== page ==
• Trendsetter of her time — Miss Chatfield celebrates 100 years

    Trendsetter of her time — Miss Chatfield celebrates 100 years

    Happy birthday to Resthaven Malvern’s most recent centenarian, Miss Edna Chatfield, who celebrates her 100th birthday on 18 February, with a lifetime of memories and adventures to look back on.

    Born and raised in the outskirts of the Adelaide CBD, Miss Chatfield reflects on her childhood in a family of four.

    ‘My brother and I grew up during the Great Depression, followed by the Polio outbreak that made it all worse. We didn’t have much growing up, but what we did have was a strong sense of family and doing the right thing by one another,’ she says.

    After a few short years in Norwood, the family relocated to Hyde Park, where Miss Chatfield began preschool at Hyde Park Montessori, before attending Unley Primary School, and then Unley High School.

    ‘I particularly enjoyed learning shorthand, and it led me to pursuing employment as a typist.’

    Miss Chatfield began working at the Adelaide Railway Station, where she met her friend, Norma, who remains by her side today.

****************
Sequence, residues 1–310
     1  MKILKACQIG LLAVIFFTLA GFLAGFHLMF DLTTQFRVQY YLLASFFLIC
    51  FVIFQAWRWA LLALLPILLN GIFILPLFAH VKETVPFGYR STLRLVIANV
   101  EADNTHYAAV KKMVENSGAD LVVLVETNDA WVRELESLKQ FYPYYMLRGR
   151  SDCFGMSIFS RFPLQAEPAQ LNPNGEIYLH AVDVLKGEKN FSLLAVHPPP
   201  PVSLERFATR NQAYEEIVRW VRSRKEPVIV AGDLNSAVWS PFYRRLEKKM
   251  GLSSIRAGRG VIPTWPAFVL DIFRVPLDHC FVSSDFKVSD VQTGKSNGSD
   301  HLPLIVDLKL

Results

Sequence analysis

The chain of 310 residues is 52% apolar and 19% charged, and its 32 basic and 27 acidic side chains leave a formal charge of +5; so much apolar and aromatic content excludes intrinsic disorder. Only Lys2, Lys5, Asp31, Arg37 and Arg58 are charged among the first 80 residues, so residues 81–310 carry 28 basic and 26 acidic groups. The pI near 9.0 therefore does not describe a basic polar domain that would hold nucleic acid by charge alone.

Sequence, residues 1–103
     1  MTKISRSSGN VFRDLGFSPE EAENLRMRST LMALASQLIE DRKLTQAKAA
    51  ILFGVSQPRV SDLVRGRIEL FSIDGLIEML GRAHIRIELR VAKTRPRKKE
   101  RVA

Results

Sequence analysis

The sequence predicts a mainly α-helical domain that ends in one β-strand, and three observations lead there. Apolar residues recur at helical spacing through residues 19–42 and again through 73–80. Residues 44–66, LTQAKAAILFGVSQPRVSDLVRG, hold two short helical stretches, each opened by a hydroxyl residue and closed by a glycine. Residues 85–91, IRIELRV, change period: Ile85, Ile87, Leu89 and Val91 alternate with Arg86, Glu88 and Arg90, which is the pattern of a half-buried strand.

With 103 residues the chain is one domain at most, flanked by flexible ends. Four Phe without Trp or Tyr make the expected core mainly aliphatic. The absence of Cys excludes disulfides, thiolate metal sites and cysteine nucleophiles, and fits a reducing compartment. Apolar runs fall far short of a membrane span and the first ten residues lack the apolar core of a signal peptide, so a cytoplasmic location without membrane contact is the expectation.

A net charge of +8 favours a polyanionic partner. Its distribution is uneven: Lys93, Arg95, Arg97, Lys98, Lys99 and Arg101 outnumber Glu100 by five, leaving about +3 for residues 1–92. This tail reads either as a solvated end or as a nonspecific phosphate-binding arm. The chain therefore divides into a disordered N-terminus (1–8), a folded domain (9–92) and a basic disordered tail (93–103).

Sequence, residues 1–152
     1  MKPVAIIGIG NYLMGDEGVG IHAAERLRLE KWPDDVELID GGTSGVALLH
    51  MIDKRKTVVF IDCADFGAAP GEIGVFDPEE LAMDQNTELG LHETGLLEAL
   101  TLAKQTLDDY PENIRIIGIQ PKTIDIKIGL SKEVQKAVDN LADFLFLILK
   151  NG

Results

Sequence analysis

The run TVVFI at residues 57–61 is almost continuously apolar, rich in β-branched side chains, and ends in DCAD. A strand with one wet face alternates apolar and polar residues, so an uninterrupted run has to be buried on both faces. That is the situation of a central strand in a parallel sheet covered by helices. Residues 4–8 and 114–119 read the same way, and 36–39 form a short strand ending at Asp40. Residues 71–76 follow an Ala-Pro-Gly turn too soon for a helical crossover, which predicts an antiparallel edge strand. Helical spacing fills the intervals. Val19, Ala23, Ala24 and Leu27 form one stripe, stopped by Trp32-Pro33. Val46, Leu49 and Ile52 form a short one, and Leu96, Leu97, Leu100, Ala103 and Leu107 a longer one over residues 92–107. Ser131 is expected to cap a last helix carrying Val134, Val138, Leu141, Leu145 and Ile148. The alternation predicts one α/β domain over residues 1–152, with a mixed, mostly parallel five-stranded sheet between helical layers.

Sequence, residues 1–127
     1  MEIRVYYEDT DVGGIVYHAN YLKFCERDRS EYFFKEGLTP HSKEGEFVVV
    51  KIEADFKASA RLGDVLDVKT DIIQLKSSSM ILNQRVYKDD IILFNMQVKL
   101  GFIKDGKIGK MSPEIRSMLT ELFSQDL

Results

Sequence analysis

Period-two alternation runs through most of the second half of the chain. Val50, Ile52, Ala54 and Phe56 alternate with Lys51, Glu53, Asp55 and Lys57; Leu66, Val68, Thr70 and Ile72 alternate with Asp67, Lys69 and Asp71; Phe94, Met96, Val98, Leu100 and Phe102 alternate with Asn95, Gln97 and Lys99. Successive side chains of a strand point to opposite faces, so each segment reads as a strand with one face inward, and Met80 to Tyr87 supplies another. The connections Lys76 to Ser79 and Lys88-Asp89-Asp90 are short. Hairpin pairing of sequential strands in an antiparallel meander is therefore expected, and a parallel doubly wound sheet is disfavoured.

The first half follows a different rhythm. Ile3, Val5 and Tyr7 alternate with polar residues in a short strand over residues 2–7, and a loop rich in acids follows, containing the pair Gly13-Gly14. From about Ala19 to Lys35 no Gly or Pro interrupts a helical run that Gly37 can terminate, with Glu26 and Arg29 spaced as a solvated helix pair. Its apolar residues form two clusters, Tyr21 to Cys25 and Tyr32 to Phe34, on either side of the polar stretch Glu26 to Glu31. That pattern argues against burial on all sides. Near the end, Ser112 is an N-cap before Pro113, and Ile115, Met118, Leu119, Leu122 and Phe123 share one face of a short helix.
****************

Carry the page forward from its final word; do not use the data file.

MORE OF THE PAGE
‘We were typists in the office and volunteered in the nursery at Ashford Hospital on Sundays. The hospital was a big bungalow back then, not at all as it stands now.’

    During World War II, Miss Chatfield and Norma began serving in the Royal Australian Women’s Army Corps.

    In 1954, Miss Chatfield’s service presented the opportunity of a lifetime.

    ‘We were all lined up in our uniforms on Pirie Street, to see Queen Elizabeth II drive through during her first visit to Australia. I will never forget that, and I had a front row seat!’

    She also reflects fondly on her travelling years.

    ‘Marriage alluded me, and when I reached 27, I told my mum, “If I’m going to be an old maid, I’ll be an old maid who travels the world!”, and that’s what I did.’

    Miss Chatfield went on to explore Scotland, Canada, Switzerland, France, Austria, Scandinavia, Finland, and Italy, ‘to name a handful!’.

    ‘The most common mode of transport then was by boat—I saw much more of the world than I sought out to, because you make stops along the way.’

    On travelling alone all those years ago, she reflects, ‘Some things in life will terrify you, but you must do them anyway. It was the best thing I did.’

    Wise words indeed from Miss Chatfield, who happily resides at Resthaven Malvern with her friendly companion, Norma, down the corridor!

    Many happy returns, Miss Chatfield!